A well crafted psychological thriller, set in Madrid, which took a few pages to get into but once I was hooked I didn’t want to put it down. The many with twists, where strangers lives cross, keep you guessing.
Frustrating, yet compelling, mystery which includes connections just a bit too far to be believed and coincidences which are well designed to keep you guessing. Probably too many layers to make it an enjoyable read – took too much thought to work out the relationships between characters.
Talented Spanish author, Víctor del Árbol was a new name to me and I was intrigued by the synopsis and reviews. I was very excited to win this book in a Goodreads giveaway. and couldn’t wait to get started on it as soon as it arrived. I wouldn’t have picked this up in a store but I was glad to have won a copy!
A remarkable psychological thriller by award-winning author Víctor del Árbol.
Eduardo Quintana is a broken man. The tragedy that cost him the lives of his family is a wound he daily tears open afresh. The once renowned painter wallows in grief, subsisting on alcohol and drugs, eking out a living with whatever painting commissions he can get.
But when he is approached by a mysterious woman who wants him to paint a portrait of the man who killed her son, he soon becomes entangled in a web of deceit in which no one, and nothing, is as they seem. With each brushstroke, Eduardo opens doors that were meant to have stayed shut — doors that, once opened, can never be closed.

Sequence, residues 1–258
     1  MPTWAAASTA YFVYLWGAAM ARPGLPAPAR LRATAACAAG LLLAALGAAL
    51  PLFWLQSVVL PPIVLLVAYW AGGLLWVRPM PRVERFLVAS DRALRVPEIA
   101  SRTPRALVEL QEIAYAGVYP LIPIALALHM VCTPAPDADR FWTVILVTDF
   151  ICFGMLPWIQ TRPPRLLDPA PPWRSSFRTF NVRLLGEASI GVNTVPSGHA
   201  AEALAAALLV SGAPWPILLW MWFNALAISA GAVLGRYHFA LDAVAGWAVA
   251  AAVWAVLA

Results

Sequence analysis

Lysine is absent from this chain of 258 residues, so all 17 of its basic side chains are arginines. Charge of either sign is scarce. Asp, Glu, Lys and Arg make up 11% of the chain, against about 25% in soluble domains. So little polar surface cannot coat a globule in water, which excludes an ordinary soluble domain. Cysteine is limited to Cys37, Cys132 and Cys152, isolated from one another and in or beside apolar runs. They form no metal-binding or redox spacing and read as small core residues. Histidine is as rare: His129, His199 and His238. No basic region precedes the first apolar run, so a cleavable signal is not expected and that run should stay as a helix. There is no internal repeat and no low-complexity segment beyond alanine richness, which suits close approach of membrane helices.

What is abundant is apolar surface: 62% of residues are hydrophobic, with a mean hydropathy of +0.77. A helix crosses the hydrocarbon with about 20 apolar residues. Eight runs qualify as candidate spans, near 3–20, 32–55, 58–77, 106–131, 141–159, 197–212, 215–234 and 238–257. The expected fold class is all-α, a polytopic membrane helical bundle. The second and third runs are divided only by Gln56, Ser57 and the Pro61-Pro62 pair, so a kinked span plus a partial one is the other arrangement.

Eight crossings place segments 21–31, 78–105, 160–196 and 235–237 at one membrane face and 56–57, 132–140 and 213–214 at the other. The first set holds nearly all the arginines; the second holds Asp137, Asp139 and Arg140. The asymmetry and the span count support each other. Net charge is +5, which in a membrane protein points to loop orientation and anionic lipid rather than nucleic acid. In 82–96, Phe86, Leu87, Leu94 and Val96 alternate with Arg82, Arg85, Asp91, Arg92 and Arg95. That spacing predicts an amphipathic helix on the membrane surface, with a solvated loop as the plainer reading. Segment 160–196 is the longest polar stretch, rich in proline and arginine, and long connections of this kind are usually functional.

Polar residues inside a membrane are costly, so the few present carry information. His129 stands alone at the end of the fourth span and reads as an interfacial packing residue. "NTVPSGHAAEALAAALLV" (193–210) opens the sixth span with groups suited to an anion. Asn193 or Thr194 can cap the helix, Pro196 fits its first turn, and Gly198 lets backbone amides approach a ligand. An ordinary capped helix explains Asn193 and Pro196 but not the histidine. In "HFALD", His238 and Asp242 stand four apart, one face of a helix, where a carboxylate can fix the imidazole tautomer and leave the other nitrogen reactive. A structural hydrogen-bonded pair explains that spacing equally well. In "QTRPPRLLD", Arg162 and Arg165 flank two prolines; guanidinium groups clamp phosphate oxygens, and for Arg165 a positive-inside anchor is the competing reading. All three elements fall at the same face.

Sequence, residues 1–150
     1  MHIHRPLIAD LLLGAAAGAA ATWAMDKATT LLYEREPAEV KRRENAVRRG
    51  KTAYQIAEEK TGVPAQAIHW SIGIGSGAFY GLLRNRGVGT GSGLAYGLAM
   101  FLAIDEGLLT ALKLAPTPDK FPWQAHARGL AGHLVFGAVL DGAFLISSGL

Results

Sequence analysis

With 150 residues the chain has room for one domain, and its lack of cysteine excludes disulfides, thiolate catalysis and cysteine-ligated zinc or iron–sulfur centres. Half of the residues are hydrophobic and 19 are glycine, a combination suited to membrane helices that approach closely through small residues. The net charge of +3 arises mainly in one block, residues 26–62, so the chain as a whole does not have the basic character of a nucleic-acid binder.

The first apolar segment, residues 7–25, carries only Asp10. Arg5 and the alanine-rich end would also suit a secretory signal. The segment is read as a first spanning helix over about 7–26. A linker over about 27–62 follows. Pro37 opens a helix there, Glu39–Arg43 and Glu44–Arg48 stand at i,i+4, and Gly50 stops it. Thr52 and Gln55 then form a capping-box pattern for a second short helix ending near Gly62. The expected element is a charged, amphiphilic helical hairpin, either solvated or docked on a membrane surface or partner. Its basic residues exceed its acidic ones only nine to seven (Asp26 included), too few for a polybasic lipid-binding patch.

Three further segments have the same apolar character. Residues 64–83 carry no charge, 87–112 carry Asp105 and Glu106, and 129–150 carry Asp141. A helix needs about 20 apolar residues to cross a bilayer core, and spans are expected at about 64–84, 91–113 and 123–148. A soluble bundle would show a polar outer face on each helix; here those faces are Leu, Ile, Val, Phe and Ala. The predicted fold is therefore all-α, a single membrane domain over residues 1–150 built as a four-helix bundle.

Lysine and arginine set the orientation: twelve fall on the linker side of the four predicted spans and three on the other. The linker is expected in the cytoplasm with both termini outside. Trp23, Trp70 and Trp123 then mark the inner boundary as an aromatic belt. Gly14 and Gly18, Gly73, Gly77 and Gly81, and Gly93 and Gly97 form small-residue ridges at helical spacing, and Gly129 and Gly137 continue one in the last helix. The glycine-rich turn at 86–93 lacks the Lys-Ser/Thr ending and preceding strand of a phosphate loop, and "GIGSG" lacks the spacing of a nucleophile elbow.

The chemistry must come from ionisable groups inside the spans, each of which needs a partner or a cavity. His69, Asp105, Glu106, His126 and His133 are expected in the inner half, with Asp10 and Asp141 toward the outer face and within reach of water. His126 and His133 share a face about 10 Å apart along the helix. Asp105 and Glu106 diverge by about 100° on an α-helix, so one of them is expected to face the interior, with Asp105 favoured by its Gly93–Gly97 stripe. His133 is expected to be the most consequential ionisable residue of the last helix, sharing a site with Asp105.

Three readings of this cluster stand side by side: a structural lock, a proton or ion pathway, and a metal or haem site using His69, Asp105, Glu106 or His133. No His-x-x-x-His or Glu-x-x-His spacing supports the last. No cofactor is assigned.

Set against the haunted and unsettling backdrop of a Madrid plagued by unrest and economic upheaval, The Heart Tastes Bitter is a dark and compelling story of the search for redemption, revenge, and love — and the cruel power of fate.
|AUTHOR||Víctor del Árbol|
|BOOK TITLE||The Heart Tastes Bitter|
|DATE OF PUBLICATION||28 March 2016|
|PRINT LENGTH||432 pages|
|OBTAINED:||GoodReads (giveaway win)|
ABOUT THE AUTHOR:
Víctor del Árbol was born in Barcelona in 1968 and was an officer of the Catalan police force from 1992 to 2012. In 2006, he won the Tiflos Best Novel Award for his book, The Weight of the Dead, and his next novel, The Sadness of the Samurai, was awarded the 2011 Best European Crime Fiction Prize. His novels have been translated into a dozen languages, and in 2016 he was awarded the prestigious Premio Nadal literature award.